That leaves a whopping 20% for everything else. So what if you could build a smaller mortgage free home, or bake your own bread and make your own wine, plant a food forest or go down to one car and and a bike or move to an area that is pedestrian? What if your children's amusements were real and not virtual? (Still working on this one here.) I think life would have a sort of luxurious poverty to it and I think it would be just beautiful.
I started this blog in 2004.
It could be argued that I move at somewhat of a glacial pace.
So. The plan is to blog about some of the projects we do here to simplify our lives, create income and at the same time transition to making a lot of what we would go out and purchase. The hope is it will be a running tally of all the collective making, aka "the projects that pay." They will either save you money, create money or, my personal fave . . . eliminate the need for it.
I was curious to see just how much time I spent on the DIY projects and if I saved money, what the relation was to "time spent" to "money earned or saved." Admittedly, many of these projects have been flops and time vacuums and I chucked them. However, I began to notice in some small areas, I was downright frugal and it didn't take that much time. Plus the children were really enjoying making, growing and raising things too. They had real work and their energy and confidence soared, they discovered their own niches in workload and even the work itself became more satisfying. I also noticed we had more down time. In fact, in many cases, it took considerably less time to make something then going out and getting it. And most certainly less than earning the money, then taking the money and spending more money to fuel a tank, drive with five little people (who tend to get hungry -- more $$) to exchange the money for the thing(s) I could have made at home in a fraction of the time and cost. Now there are times that sanity dictates and I go through a drive throughs, I purchase plenty, but the goal remains.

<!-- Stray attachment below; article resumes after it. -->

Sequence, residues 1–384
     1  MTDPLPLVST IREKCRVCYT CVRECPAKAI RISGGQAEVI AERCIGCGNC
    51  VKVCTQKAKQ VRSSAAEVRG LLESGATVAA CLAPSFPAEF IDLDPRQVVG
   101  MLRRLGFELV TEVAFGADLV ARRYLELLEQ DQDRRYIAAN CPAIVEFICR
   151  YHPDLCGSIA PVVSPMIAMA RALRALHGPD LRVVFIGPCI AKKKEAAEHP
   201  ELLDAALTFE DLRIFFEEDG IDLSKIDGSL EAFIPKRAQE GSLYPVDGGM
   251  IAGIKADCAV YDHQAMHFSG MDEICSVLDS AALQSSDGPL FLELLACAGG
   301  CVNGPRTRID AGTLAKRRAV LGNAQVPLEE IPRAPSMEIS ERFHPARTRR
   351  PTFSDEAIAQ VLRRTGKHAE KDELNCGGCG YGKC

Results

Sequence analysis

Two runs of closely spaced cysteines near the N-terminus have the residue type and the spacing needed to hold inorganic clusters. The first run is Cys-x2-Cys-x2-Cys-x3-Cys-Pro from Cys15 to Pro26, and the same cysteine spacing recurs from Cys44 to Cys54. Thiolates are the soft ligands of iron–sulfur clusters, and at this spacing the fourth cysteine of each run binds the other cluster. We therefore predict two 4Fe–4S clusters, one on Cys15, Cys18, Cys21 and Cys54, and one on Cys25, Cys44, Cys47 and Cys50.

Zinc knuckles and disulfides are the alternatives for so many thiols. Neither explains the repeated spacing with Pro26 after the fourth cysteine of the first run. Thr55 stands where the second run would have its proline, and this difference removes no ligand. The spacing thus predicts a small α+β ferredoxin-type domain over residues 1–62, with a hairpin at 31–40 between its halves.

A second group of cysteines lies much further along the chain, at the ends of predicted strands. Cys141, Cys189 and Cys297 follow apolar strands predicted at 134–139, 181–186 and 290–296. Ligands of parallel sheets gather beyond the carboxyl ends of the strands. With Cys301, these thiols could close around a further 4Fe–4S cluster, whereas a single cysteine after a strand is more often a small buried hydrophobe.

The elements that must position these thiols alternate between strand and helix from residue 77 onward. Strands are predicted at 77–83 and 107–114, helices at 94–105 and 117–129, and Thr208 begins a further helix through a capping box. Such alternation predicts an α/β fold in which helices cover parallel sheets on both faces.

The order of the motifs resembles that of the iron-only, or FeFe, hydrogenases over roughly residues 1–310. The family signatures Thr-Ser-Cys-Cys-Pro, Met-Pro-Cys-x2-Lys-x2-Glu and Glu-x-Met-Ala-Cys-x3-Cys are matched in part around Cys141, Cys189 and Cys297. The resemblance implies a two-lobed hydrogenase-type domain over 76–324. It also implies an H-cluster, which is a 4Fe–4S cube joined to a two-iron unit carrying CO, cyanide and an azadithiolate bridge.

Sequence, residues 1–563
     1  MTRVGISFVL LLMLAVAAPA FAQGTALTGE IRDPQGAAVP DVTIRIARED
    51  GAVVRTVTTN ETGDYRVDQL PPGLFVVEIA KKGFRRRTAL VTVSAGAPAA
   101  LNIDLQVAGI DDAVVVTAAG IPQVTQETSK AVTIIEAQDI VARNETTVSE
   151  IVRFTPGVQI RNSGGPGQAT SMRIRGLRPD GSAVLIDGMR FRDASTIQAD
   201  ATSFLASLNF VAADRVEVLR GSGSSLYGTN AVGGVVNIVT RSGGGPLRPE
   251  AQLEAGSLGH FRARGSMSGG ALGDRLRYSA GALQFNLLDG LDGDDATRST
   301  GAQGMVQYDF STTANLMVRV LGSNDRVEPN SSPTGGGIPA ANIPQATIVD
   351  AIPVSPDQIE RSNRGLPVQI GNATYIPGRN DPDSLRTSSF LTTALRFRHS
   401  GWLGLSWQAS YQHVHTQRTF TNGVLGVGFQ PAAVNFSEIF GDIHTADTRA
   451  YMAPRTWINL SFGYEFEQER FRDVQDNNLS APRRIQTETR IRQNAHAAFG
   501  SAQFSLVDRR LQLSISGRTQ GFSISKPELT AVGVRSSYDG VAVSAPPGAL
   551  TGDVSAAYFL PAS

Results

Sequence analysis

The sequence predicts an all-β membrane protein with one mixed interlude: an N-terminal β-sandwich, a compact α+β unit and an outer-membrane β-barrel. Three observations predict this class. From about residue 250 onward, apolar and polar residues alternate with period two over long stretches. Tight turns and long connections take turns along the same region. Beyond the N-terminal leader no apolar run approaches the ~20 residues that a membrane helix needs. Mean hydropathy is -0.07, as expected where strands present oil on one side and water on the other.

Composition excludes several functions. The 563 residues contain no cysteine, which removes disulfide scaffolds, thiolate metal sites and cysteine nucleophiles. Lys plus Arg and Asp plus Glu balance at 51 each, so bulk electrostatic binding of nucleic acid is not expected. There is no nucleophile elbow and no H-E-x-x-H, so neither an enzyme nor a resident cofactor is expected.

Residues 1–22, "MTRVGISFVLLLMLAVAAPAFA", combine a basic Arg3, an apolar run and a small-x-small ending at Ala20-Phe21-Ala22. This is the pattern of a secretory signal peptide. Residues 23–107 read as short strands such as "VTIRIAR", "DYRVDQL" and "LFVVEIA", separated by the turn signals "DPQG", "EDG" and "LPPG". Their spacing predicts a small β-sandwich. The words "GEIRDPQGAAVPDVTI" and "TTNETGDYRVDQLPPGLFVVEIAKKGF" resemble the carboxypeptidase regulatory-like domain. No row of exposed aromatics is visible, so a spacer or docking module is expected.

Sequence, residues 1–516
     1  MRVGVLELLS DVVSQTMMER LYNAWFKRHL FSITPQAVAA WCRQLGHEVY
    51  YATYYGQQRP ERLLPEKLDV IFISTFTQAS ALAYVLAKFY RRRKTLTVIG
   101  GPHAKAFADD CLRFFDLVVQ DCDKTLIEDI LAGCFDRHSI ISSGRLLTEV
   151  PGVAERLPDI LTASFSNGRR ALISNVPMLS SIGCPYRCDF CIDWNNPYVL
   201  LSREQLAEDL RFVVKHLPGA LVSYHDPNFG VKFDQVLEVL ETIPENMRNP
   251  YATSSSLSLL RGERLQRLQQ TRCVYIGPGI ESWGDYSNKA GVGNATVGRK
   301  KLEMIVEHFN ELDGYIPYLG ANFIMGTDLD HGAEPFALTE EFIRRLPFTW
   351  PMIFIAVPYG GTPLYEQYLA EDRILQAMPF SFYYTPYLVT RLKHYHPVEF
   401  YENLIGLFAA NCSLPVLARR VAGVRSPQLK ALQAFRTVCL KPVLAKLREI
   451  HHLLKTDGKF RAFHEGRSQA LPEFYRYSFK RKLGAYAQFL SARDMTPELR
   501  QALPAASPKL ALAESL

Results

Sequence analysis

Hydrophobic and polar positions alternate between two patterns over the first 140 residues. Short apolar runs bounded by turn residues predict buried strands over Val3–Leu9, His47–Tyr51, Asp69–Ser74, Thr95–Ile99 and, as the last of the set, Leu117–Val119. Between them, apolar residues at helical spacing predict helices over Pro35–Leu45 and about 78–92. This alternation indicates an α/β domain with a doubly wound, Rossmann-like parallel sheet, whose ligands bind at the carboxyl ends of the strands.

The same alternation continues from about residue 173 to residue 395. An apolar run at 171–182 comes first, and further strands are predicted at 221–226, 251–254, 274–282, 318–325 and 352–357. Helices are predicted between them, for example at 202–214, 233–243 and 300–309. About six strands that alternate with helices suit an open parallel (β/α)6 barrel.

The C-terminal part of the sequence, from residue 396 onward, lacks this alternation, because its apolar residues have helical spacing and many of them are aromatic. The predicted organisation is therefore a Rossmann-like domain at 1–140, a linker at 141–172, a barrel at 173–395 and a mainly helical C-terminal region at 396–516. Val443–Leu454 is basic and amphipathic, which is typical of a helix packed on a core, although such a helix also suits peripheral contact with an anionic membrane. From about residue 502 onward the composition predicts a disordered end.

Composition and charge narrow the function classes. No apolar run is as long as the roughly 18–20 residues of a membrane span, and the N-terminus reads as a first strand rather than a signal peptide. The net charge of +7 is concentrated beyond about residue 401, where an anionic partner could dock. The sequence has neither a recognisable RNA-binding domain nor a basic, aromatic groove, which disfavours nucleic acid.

So here I hope to document projects that take up 20 hours a week, making, earning and replacing what is the equivalent to a net $30,000 year job. Oh, and that 20 hours is divided by an entire household (Yay to the large families) So these are working crafts...but many of these projects are less utilitarian and are just plain fun.
One last thing . . . I am not a Luddite - I am blogging after all. I enjoy surfing, electronically hoarding on Pinterest and utilizing all the forgotten knowledge as well as current. But I try to apply them to those things that should be unchangeable. Things that we cannot and should not improve on -
or as Dr. Malcom puts it.
So, I am glad you are here and my hope is that I can either inspire you with our journey, or at the very least be a cautionary tale. Either way, your informed.
Pax Christi -Kirsten :)